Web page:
Another card skimmer was located by Bellingham police on a gas pump at an Bellingham convenience station — this one on the Starvin Sam’s 76 located in the 200 block of 36th Street near the Sehome Haggens.
Police were alerted to a pump that appeared to be tampered with on Dec. 12, according to the Bellingham Police log.
“A vigilant gas station attendant noted the broken seal on the pump and checked it,” Lt. Claudia Murphy told The Bellingham Herald in an email Friday. “There was a skimming device located and removed.
“At this point we have no idea how many people may have been affected as we don’t know exactly when it was placed or if the suspects were able to download any info they got off the skimmer. Looking for video footage and then to see what is on the device.”
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After a handful of card skimmers were found last spring in Bellingham and an arrest was made in June, Murphy said police haven’t investigated many since. Murphy said she could find only one card skimming investigation in September and October, and that was assisting Ferndale police with an investigation they were conducting.
If you suspect you’ve been the victim of a card skim, the Bellingham Police Department asks you to call dispatch, at 360-676-6911, or the station officer, at 360-778-8800, to make an initial report.
How to spot a card skimmer
Skimmers come in different shapes and sizes and can be installed on or inside pumps at many gas stations and ATM machines. According to an article on Forbes.com, even cards with an EMV-chip can be victimized when you swipe the magnetic stripe, though many ATM machines in the U.S. now read the chip, making skimming less rampant. The article offered these tips for reducing the chances your card gets skimmed:
▪ Pull on the card reader first: Before inserting your card, look for anything that seems out of the ordinary, such as tape, glue marks or machine scratches, and pull on the card reader to see if it seems loose.
▪ Examine the keypad: Scammers sometimes place a duplicate keyboard over the original in an attempt to get your PIN information. If you are typing on the keypad, and it feels like the keys are spongy or about to fall off, there’s a chance a scammer is recording your keystrokes via a Bluetooth or Wi-Fi signal. If you doubt the integrity of the keyboard, stop using it immediately. You also can use your phone to check for Bluetooth or Wi-Fi signals in the area.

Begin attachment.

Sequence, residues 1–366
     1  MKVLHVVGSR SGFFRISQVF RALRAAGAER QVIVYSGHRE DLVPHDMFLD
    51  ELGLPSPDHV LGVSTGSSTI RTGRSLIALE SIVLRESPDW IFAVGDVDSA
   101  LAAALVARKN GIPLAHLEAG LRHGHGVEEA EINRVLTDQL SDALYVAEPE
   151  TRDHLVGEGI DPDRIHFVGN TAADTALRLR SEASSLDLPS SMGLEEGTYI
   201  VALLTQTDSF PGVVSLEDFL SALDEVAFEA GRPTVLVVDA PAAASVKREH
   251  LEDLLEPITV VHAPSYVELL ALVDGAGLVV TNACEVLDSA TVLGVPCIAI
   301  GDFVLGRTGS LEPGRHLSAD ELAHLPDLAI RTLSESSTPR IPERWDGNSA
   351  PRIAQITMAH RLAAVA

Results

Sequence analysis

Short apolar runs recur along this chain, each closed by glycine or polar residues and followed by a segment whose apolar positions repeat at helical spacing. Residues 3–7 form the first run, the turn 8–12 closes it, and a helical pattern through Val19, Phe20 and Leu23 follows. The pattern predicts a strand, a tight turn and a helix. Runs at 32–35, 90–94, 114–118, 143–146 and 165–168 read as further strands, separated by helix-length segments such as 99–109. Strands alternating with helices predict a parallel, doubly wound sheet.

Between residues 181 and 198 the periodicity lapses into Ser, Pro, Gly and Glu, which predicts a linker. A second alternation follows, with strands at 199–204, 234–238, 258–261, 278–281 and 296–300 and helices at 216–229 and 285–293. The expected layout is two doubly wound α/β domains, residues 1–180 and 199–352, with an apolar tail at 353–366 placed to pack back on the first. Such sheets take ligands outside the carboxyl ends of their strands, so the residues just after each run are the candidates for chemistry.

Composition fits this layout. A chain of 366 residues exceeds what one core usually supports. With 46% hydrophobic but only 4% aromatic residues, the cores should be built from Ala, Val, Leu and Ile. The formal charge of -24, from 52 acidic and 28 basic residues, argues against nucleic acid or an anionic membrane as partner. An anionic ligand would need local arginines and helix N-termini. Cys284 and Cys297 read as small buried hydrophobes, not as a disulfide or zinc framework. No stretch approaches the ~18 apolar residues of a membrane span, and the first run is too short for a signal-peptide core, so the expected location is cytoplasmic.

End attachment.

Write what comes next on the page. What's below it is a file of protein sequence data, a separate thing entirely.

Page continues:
▪ Look for cracks in the receipt slot: Card thieves also have been known to place a scanner in the receipt slot of ATMs. The machine may still function as normal, but the scanner is recording every detail. If the ATM is cracked or looks like it’s been tampered with, there’s a chance it has.
▪ Look for things that are out of place: Thieves don’t need to break into the machine to steal your PIN number, and wireless cameras are so small, they can be hidden almost anywhere near a machine. Look above the screen and to the side of the screen or touchpad for any unusual boxes that could be in view of the keypad.
▪ Watch for strangers: An old throwback could be using somebody standing nearby to take and record your information. Make sure you have enough privacy to conduct your business.
▪ High-traffic machines are best: Scams are more likely to take place at machines that see little traffic or aren’t under constant supervision. Chose your transaction locations carefully.
An nbclosangeles.com story offered these additional tips to avoid skimmers at gas stations:
▪ Avoid pumps at the end: They’re often too far away from the attendant to keep an eye on them.
▪ Don’t use your debit card: If a skimmer gets your PIN number, your bank account could be exposed.
▪ Look around: Assume a pump or card reader that looks like it has been tampered with probably has. Move on to another pump or station.
▪ Always print a receipt: You need one to file a claim with the gas station’s insurance company in case you pump bad fuel or if your card information gets skimmed.
If you notice suspicious charges on your account, contact your financial institution immediately.